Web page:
Cool Cargo: Beer!

Cool Cargo (2)Our New York City branch has been handling joint shipments of beer from the United States for some time now, but this week they had the opportunity to do something pretty special.

Green Worldwide NYC moved three separate air shipments from three different breweries in the Northeast to Copenhagen for Mikkeller Beer Celebration Copenhagen, a beer festival celebrating some of the best breweries from around the globe.

The three US Breweries that they were privileged to ship for work to create some of the world’s top 100 beverages. One of the beers they shipped is currently ranked seventh in the world.

 

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The festival’s lineup

For more information on our export division, or to find out more about Green Worldwide, visit our website, or connect with us on Twitter, LinkedIn, or Facebook.

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Port Story: Port Tampa Bay

Port Story- Tampa BayWe tend to focus on Miami and Jacksonville for international trade coming out of Florida, thinking of them as the only gateway to Central and South America. However, there is another port in Florida that is a primary resource for international trade. Port Tampa Bay ranks 16th in the United States by tonnage in domestic trade, 32nd in foreign trade, and 22nd in total trade. It is the largest, most diversified port in Florida, has an economic impact of more than $15.1 billion, and supports over 80,000 jobs.

Tampa Bay was first mapped by Spanish explorers in the 16th century. The port was a safe, warm-water harbor that made it an ideal location for trade between the then-Spanish colony and Cuba. This trade included Cattle, hide, lumber, and more. After the United States had acquired Florida from Spain, the port flourished. New industry and resources led to massive growth in the 1800s. By 1929, a 27-foot channel was in place. The port was a major resource for the United States during World War II, and today the Port is maintained by Port Tampa Bay, Port Authority, and the United States Army Corps of Engineers.

The Tampa seaport, Florida’s largest by acreage, already handles cargo bound for Cuba under waivers to the embargo that allows sales of U.S. agricultural products. In the past 5 years, the seaport has sent about 70.000 tons of freight to Cuba, mostly fertilizer. Other trade lanes of the port include the Caribbean Islands, Central America, and Asia. Port Tampa Bay handles a variety of different industries, such as furniture, electronics, automobiles, construction, and foodstuff. It additionally sees over 900,000 commercial passengers a year in association with various cruise lines.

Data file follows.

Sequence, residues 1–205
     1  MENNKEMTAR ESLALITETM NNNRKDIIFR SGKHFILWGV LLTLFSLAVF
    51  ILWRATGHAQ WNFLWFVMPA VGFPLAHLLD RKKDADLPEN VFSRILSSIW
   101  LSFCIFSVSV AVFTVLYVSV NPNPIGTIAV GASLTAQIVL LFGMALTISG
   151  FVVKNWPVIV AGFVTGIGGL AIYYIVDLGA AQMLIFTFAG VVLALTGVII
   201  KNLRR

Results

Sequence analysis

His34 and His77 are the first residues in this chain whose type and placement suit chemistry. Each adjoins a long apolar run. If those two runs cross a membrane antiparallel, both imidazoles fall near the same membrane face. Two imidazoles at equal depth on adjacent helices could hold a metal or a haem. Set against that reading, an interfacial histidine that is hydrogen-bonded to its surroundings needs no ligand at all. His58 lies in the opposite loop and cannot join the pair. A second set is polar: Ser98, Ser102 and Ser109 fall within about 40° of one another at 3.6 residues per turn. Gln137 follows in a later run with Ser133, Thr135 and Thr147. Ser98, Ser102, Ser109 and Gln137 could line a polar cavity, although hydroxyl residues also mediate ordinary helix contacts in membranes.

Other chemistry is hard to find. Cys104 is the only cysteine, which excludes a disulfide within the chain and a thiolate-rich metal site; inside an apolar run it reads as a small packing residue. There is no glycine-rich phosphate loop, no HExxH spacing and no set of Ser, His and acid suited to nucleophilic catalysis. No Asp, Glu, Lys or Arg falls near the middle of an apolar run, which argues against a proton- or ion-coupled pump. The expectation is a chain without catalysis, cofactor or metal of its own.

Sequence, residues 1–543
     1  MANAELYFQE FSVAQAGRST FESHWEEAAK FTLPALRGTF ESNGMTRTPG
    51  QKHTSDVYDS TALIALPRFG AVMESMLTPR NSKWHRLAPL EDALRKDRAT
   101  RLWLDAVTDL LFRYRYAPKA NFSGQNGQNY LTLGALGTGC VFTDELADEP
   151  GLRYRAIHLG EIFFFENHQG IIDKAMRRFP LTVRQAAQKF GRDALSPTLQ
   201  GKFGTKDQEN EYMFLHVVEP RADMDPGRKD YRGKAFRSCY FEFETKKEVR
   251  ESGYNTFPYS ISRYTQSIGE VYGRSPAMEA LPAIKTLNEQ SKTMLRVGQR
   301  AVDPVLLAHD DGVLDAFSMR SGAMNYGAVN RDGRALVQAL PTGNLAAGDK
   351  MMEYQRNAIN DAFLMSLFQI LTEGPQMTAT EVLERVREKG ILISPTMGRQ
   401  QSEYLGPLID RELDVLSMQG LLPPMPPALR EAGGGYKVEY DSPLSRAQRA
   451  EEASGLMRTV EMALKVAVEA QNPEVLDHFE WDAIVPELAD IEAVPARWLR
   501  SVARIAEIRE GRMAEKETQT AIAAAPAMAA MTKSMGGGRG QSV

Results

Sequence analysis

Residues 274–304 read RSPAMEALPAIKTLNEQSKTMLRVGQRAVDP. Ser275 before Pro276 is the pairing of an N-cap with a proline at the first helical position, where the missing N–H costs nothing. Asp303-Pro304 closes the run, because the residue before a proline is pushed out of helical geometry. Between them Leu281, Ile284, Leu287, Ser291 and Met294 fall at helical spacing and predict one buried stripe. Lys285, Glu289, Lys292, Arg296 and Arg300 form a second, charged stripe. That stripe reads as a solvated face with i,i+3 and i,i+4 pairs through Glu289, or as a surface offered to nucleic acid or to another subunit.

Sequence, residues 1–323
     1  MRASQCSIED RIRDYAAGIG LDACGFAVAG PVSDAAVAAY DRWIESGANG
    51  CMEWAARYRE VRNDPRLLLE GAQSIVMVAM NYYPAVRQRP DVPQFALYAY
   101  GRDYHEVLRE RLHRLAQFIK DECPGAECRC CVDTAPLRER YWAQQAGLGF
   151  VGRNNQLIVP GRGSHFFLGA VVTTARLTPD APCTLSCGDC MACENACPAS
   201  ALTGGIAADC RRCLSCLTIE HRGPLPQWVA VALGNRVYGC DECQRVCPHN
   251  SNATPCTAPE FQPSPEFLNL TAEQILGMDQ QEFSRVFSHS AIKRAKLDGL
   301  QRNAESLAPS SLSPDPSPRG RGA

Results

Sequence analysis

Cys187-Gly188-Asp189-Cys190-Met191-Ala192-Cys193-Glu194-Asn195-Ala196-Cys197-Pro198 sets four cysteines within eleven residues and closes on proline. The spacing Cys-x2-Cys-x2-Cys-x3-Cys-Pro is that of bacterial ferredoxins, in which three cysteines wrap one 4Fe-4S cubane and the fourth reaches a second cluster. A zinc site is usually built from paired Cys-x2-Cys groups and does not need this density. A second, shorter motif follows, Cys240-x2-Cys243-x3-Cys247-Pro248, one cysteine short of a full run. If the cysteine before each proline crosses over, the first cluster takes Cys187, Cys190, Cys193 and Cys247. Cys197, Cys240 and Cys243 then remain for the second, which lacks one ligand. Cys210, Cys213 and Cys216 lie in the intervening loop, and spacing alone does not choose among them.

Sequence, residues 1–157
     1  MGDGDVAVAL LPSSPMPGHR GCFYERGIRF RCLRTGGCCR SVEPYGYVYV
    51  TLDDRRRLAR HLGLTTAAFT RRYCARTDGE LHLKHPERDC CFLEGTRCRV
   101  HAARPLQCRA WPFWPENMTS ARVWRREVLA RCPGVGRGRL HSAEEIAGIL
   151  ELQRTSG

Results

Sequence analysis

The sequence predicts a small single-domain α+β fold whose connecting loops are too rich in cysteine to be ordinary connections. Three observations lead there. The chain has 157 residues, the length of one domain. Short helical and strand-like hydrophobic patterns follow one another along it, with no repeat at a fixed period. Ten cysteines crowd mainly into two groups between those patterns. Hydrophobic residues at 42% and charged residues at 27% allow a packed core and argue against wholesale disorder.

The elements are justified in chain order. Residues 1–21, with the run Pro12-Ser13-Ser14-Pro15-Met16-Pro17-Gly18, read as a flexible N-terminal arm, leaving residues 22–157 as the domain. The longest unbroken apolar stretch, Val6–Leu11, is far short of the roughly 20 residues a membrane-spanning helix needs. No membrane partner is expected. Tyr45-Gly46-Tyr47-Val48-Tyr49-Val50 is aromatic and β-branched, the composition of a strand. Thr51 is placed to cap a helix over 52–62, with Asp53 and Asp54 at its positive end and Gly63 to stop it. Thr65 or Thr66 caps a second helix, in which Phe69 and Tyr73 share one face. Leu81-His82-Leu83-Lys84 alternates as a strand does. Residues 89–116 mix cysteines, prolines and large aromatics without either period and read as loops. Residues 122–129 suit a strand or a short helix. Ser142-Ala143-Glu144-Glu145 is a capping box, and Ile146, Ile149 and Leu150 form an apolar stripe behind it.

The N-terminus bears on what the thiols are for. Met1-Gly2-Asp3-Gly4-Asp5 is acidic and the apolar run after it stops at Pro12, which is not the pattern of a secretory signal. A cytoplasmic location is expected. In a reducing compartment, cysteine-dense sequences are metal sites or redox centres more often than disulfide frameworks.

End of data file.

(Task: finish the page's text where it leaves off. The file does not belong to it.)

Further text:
For more information on Green Worldwide and freight forwarding, visit our website, or connect with us on Twitter, Facebook, and LinkedIn.

Port Story is a new series detailing the history and operations of trade ports across the United States and the world. Want to see a port that interests you? Let us know in the comments below!

Need to Know: 3 Tips for Businesses Ready to Import or Export

3 Tips

Opportunity abounds in today’s global market place, and businesses aren’t limited to the continental United States anymore. However, locating overseas buyers and suppliers in order to expand your business is only one part of a larger equation.

A highly competent logistics provider is critical to ensure correct navigation of the ever-changing world of shipping. We’ve asked a few logistics specialists from Green Worldwide Shipping for a few tips that will help make your business and supply chain run smoothly.

1. Book Early

“Space availability  on ocean vessels can be unpredictable. Try to secure bookings two weeks in advance.” –Logistics Specialist #1

Booking in advance also allows for transit options that fit your needs and allow adequate time for document preparation, so your shipments can arrive on time and comply with all necessary government standards.

2. Cheaper Isn’t Always Better

“There are a lot of logistics providers out there, but it is worth it to pay a few dollars more. You pay for what you get.” –Logistics Specialist #2

Using the industry’s cheapest freight forwarders is fraught with perils and usually costs more in the long run. Global shipping is subject to numerous regulations and standards, such as U.S. Customs and Border Control, and these regulations and standards can often be confusing.

Adequate compliance can be the difference between your business succeeding and failing when importing or exporting. Low-cost logistics providers frequently neglect the importance of compliance, leaving you liable for fines and extra costs.

To avoid compliance issues, work with premium logistics providers. Premium logistics providers will keep your business compliant and up-to-date with standards, and will closely monitor every step of your shipment eliminating additional fees, delays, and inefficiencies.

3. Insurance is Key

“I’ve had containers fall of the vessel in the middle of the ocean. So insurance is always a good idea.” –Logistics Specialist #3

Accidents happen. Vessels occasionally catch on fire. Storm weather sweeps cargo off vessels and into the vast depths of the ocean. Ocean carriers accept very limited liability for damaged or lost goods. Protecting your cargo from unforeseen circumstances is critical to your supply chain. Door to door cargo insurance is highly recommended and provides peace of mind that you will be reimbursed when problems occur.

For more information about the ways Green Worldwide can ship for your business, check out www.greenworldwide.com, or connect with us on LinkedIn, Facebook, and Twitter.